Extreme Cuisine: Palawan’s Tamilok

palawan2Last year I had a wonderful time diving in Coron.  This year I find myself back in Palawan to explore Puerto Princessa.  I realize that three days is not enough to fully experience Palawan. So I have to come back again and next on my check list are beautiful beaches of El Nido.palawan1

In Puerto Princessa  tourism is organized and the city is clean. The locals are environmentally conscious and are very keen on saving the forests, seas, and even practice recycling. In fact there is a P200 fine for littering. I was also surprised to see lamp posts with solar panels.  They are also very active in mangrove and tree planting.

palawan3I asked our guide about the native dishes. Palawan food is all about the bounty of the sea. I tried to get a reservation at Kalui and Badjao Seafood Restaurant, unfortunately a reservation is needed as they were fully booked from tours. I was already feeling fustrated until our guide mentioned I must try “tamilok”.

One thing that intrigued me was that this exotic delicacy is a wood worm that lives in the mangroves. Biologically it is not a worm but classified as a mollusk. The long slimy creatures are cleaned and served raw. It is dipped in vinegar before eating. So after our city tour, my bus-mates and now my new found friends went to Kinabuch restaurant to try  tamilok. Apparently it is a specialty at Kinabuchs Grill and Bar, so things turned out for the best.  Like a dare, we took turns trying it and washed it down with San Migule beer. They looked scary but tasted like long super slimy oysters!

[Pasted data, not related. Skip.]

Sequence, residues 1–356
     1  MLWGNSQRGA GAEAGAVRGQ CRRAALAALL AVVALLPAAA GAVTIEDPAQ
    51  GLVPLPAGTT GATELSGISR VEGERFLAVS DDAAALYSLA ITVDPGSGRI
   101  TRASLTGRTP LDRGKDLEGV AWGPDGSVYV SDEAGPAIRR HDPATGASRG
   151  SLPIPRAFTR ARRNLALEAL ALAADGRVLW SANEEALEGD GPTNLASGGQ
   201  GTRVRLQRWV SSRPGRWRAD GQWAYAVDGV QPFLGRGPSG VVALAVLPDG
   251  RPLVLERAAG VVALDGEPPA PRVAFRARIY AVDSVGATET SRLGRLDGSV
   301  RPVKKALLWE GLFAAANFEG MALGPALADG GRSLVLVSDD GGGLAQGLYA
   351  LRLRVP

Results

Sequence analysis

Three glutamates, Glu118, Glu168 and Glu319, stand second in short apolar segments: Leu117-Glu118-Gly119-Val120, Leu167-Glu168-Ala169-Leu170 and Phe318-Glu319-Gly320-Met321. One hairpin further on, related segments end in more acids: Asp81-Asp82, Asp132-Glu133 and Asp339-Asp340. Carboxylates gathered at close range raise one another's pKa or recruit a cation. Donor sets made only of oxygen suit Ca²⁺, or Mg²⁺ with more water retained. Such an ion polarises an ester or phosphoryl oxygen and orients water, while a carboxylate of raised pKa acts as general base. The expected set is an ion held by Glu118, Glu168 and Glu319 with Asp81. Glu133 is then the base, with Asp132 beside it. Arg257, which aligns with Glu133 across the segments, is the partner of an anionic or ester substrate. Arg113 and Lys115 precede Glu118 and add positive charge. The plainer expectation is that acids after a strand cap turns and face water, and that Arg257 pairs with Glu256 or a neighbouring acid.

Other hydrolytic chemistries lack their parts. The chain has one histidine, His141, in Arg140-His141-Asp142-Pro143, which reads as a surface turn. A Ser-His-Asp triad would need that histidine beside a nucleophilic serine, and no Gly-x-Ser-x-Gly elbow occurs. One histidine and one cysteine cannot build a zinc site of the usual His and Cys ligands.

In an urban legend the name tamilok comes from two foreigners who were with the Batak tribe.  The tribesmen were about to eat the “u-od” which means worms in Filipino, and the westerner in astonishment upon seeing the dish called on to his companion “Look! Tommy look!”. The tribesmen thought the white men were the experts  who knew the dish.  So “Look! Tommy look!” became “tamilok” and  thus became the name of the dish. What a funny story! 🙂

Day two was the Underground River tour and day three was our Honday Bay tour. For both tours lunch was served by the beach. They consisted of grilled pork and chicken, salted eggs and tomatoes, cucumbers in vinegar, grilled fish and prawns. And coconut juice served in their husks. At Pandan island along Honday bay we had a real treat!  The fishermen caught lobsters and they were being sold at 500 pesos a kilo (that’s around US$10 or 7 Euros!!! for a kilo for lobsters!!)  and so we bought them and had them for lunch.

Please vote for the Puerto Princessa Underground River. It is now a finalist for the New 7 Wonders .

Microtel Palawan